Game Review: The Longing

Content Warning: Spoilers for “The Longing” (after the first paragraph), and discussions on suicide.

One of the games that left the biggest impression in me recently is “The Longing”. The Longing is a German indie game, with an interesting premise: The King of the Underworld decided to sleep for 400 days, and created a shade to watch over his kingdom and wake him up after 400 days have passed. You control this shade. The key idea is that the game runs in real time, and time goes on even when the game is closed. So, in theory, you could start the game, leave it, and come back after 400 days to wake up the King and finish the game. Of course, there is much more to the game than this. I highly recommend it! (spoilers after the picture)

Screenshot of the game The Longing. This shows the very start of the game, when the huge king of the underworld holds the shade in its hand, and says: Wake me when the time has come, to end all fear and longing...
The latest technology in alarm clock AI

Of course, the interesting part of the game is how you choose to spend those 400 days. You can walk around and explore the underground kingdom, which is full of rooms with a magical look, beautifully painted, with very atmospheric music. You can collect interesting things that you find in your explorations, and bring them back to your room. One of the coolest little idea in the game is that you can pick up books through the cave and, after you bring them back to your room, you can read those books. The books are actually real world books, such as Moby Dick, and you can even add extra books to the game to read them in your cave — an interesting twist on the e-book reader.

The game part is that, in the beginning, you can only access part of the underground kingdom. Large parts of it are blocked off. To access the blocked off parts, you have to solve little puzzles. Many of the puzzles are time related. For example, one of the first blocks is a pit with a crumbling stalactite above it. When you look at it, the shade comments something like “that stalactite should break and fall in a few weeks”. And, in fact, if you wait some weeks, the stalactite will fall and you will be able to cross. There are other puzzles that require your active involvement, but most of them still require you to wait large amounts of time.

This, along with the very slow, deliberate walking speed of the shade, make The Longing a very introspective game. At least for me, I was often thinking about what it meant to live in such a limited environment where time goes on so slowly. Even with all exploration and puzzles, 400 days is a lot of time. There is a way to make time go by a little faster: If you improve your home by adding decorations to it, time will go a little bit faster when you are inside, and a bit faster still if you read books in a well furnished home. However, at the fastest, the 400 days should go by in about two or three months of real time. (ending spoilers after the next image)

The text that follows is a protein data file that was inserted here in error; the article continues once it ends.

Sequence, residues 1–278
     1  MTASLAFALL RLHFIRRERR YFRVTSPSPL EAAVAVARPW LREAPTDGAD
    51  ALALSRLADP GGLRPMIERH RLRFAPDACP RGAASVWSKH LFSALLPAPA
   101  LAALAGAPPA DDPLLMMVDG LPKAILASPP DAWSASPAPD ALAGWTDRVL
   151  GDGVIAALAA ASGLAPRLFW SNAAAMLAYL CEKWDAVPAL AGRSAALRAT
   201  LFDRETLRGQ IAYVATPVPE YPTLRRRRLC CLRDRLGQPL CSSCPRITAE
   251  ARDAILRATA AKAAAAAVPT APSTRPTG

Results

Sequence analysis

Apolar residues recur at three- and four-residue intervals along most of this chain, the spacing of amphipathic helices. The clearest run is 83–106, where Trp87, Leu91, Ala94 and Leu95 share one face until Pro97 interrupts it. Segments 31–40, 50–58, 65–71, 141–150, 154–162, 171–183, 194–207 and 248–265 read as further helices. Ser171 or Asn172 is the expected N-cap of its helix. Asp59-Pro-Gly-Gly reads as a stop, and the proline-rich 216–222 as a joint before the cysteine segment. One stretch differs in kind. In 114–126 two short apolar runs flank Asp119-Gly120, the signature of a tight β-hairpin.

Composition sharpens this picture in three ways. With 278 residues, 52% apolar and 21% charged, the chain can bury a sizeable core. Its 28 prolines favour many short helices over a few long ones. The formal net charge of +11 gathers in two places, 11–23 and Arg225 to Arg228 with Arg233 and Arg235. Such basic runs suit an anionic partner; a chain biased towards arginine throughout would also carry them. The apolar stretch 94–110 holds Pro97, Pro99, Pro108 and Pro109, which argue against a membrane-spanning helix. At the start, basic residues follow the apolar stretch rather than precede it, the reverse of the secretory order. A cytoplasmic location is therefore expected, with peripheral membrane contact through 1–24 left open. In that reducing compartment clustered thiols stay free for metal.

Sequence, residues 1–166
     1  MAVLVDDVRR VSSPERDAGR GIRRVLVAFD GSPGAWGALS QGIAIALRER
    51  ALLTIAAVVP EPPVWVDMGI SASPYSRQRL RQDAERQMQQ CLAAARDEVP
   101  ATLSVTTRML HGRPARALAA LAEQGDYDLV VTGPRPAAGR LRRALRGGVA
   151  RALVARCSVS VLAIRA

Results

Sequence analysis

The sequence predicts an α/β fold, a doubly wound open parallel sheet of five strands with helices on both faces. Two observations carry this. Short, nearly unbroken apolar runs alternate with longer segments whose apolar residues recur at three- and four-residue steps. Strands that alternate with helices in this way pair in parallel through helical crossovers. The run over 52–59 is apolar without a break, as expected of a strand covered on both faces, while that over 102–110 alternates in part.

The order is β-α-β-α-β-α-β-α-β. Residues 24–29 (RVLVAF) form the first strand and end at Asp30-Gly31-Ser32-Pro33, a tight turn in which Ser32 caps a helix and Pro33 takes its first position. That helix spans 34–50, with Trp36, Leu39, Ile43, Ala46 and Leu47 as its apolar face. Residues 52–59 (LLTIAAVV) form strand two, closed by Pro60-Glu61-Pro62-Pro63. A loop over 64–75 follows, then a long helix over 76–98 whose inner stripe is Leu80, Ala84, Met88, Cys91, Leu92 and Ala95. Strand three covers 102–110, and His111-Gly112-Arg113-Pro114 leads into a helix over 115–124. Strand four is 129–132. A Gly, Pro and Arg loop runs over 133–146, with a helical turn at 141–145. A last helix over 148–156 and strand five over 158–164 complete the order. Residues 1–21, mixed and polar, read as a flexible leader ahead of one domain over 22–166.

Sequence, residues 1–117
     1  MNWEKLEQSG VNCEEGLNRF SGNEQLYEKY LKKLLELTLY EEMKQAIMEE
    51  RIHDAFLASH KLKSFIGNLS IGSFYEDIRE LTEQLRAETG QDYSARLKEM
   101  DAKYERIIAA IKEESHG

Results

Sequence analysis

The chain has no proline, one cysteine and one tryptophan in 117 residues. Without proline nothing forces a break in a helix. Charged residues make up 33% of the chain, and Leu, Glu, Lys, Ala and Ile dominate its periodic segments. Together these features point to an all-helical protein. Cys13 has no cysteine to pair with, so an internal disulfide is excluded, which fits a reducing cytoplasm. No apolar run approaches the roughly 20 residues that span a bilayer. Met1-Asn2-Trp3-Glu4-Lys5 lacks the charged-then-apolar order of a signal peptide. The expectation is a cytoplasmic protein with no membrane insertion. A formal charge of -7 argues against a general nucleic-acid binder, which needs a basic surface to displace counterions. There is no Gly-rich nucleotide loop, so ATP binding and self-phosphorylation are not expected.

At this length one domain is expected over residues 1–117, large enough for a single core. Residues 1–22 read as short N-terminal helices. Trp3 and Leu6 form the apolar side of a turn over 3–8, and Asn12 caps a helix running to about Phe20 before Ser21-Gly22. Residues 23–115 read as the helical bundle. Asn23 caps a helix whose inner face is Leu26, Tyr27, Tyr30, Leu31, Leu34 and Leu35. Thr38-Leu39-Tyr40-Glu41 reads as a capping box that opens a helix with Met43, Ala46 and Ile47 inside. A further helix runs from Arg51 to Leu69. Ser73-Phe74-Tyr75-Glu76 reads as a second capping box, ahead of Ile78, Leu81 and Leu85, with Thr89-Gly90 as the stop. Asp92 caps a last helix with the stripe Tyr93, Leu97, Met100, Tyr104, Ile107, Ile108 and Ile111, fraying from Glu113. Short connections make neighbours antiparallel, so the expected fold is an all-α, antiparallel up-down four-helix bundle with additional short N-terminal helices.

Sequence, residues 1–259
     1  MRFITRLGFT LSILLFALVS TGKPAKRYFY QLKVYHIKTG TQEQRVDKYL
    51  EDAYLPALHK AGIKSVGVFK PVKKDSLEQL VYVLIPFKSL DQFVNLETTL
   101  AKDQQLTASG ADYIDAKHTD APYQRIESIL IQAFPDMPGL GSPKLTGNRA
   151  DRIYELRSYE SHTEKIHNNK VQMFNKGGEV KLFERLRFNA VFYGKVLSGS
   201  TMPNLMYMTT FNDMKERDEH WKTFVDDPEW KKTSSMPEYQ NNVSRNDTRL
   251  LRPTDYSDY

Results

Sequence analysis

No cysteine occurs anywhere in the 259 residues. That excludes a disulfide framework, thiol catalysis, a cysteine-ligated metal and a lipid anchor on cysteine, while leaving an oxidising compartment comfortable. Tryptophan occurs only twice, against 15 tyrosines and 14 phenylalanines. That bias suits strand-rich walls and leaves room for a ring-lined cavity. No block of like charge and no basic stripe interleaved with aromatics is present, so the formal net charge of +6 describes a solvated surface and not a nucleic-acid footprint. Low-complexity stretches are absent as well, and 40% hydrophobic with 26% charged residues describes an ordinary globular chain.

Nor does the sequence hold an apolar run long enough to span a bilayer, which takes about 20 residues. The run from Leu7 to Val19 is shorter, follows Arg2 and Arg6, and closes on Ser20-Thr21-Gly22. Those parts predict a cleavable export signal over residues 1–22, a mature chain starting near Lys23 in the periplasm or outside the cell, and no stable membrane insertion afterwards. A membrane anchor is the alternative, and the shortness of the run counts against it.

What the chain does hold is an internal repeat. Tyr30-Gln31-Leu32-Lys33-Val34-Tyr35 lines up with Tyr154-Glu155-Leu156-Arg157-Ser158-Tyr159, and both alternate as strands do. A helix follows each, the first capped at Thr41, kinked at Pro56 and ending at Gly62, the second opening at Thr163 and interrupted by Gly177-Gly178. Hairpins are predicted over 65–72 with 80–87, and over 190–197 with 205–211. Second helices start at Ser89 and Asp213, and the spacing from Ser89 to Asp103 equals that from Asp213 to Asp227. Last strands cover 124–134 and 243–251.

Screenshot for the game The Longing. The Shade (main character) is sitting in a sofa inside a cave, reading a book. The cave has several drawings hanging on its walls, and a small rug under the sofa. The image evokes a cozy feeling.
A nice place to wait for the end of the world.

However, even will all time acceleration options, you should still run out of things to do long before you run out of time. Then what do you do?

One of the core questions of the game is about whether the shade leaves the underworld or not. In the beginning of the game, the shade is told that it can do whatever it pleases, but it cannot leave the underworld. As the shade explores the caves, it starts getting worried that it would displease the King if it keeps going. Of course, many meta-things in the game pointing to “leaving the underworld” as something the player should strive for. But still, the choice to stay is a very valid question inside the game.

The game also allows the shade to take its own life. When I found this option, I was looking for the way out of the caverns, but I took a wrong turn. Then I found myself at the edge of a precipice, where the game zoomed all the way out, tense music played, and a light could be seen at the bottom of the precipice. At that point in the game, I was not spoiled and thought that “getting out of the caves” was a metaphor for the Shade jumping off the precipice. That thought really shook me in a way that no game had touched me before. It was not only that the option of suicide existed, but that it made so much sense: By that time in the game, I had finished exploring most of the rest of the caves, and turned my house into a very comfortable place. I had everything that I wanted but at the same time nothing much else to look forward to other than to spend my time doing nothing until the end of time arrived. It echoed a lot of life questions that I had on my mind. To see those questions reflected in the game, I had to turn it off and put it down for a few days.

When I came back, I decided to spoil myself in that question (was leaving the caves a metaphor for suicide?) and found out that no, I had just missed a turn in another part of the cave that I did not notice. Suicide in The Longing was a only a shortcut to a bad ending. My impressions were nothing more than me putting my own baggage into the game. Still I found it interesting that a game could serve as a vessel for such deep reflections.

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